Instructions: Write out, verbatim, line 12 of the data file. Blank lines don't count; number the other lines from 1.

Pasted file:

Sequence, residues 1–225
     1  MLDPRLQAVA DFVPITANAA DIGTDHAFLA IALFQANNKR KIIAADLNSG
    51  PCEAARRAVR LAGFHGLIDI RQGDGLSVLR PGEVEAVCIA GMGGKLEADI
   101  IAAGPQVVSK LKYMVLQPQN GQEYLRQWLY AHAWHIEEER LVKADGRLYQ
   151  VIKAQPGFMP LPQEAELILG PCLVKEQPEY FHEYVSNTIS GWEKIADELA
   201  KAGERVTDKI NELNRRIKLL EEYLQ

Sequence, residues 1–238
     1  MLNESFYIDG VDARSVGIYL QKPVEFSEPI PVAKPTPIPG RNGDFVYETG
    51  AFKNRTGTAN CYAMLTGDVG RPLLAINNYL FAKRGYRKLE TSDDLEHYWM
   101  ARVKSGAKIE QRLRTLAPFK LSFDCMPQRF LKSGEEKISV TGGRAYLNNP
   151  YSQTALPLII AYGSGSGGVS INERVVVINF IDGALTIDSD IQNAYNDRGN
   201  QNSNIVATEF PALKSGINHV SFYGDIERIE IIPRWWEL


   201  QNSNIVATEF PALKSGINHV SFYGDIERIE IIPRWWEL